Monday, February 20, 2012

I may not be a big contester, but . . .

. . . I decided to have a bit of fun in the ARRL DX contest (CW) at the weekend. I had lots to do with the family but where I found time I logged some QSOs. I finished the weekend with 404 QSOs in the log. I had 119 Qs on 15 metres, 130 on 20 metres, 44 on 40 metres and 106 on 80 metres. I enjoyed 15m and 80m the most. I had 42 multipliers on 15, 38 on 20, 14 on 40 and 24 on 80, I worked 50 States (US and Canada) over the weekend with a final claimed score of 141,246. I will enter single op assisted high power. I had great fun. Not imagining I will win anything, but the participation brought me a lot of satisfaction.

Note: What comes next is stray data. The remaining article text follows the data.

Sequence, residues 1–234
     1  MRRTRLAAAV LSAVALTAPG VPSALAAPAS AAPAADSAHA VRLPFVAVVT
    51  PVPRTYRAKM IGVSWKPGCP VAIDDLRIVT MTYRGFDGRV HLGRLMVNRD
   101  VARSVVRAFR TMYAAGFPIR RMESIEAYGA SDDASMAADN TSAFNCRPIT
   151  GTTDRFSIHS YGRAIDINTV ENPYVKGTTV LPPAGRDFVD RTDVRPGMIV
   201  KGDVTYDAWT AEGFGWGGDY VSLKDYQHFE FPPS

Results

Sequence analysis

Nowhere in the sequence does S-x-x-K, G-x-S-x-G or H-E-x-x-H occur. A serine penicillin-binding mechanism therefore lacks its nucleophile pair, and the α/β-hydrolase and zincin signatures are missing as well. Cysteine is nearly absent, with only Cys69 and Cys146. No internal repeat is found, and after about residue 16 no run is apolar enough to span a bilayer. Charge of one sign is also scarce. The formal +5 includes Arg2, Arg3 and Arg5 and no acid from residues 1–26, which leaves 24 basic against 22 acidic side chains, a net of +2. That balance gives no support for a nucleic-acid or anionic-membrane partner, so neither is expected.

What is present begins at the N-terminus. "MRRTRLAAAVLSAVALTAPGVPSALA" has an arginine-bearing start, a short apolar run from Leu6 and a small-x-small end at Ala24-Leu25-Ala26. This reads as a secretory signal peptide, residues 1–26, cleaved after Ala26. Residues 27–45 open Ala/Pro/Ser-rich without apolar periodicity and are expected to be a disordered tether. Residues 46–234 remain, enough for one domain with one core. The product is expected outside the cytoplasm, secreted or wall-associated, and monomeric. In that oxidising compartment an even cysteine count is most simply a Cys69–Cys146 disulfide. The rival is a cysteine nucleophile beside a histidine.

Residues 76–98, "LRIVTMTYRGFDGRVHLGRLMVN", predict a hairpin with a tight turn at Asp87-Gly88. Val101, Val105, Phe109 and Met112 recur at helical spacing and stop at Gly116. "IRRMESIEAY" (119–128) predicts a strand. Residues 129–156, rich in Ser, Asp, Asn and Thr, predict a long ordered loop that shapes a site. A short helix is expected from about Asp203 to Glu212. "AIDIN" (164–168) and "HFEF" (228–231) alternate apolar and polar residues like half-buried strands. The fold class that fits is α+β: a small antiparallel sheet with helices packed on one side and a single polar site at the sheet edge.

On 15 metres, I was only short 9 states, KY, LA, ME, MO, OK, SC, SD, UT and WY. I was very happy to get DE, VT, TN, NV, KS, ID, IA, and CO among others.

On 80m the highlights included DE (Delaware) and five of the Canadian states.

10 metres was an utter disappointment. On Sunday afternoon the band sounded dead at my QTH.

I had hoped to make a QSO on top band with my 40m inverted V and 100 watts (pushing it, I know) but the band was in awful shape. 40 metres was a bit of a struggle, particularly on Saturday night but improved somewhat on Sunday night. 80 metres was very enjoyable, I even had a couple of pile-ups going after someone spotted me on the cluster.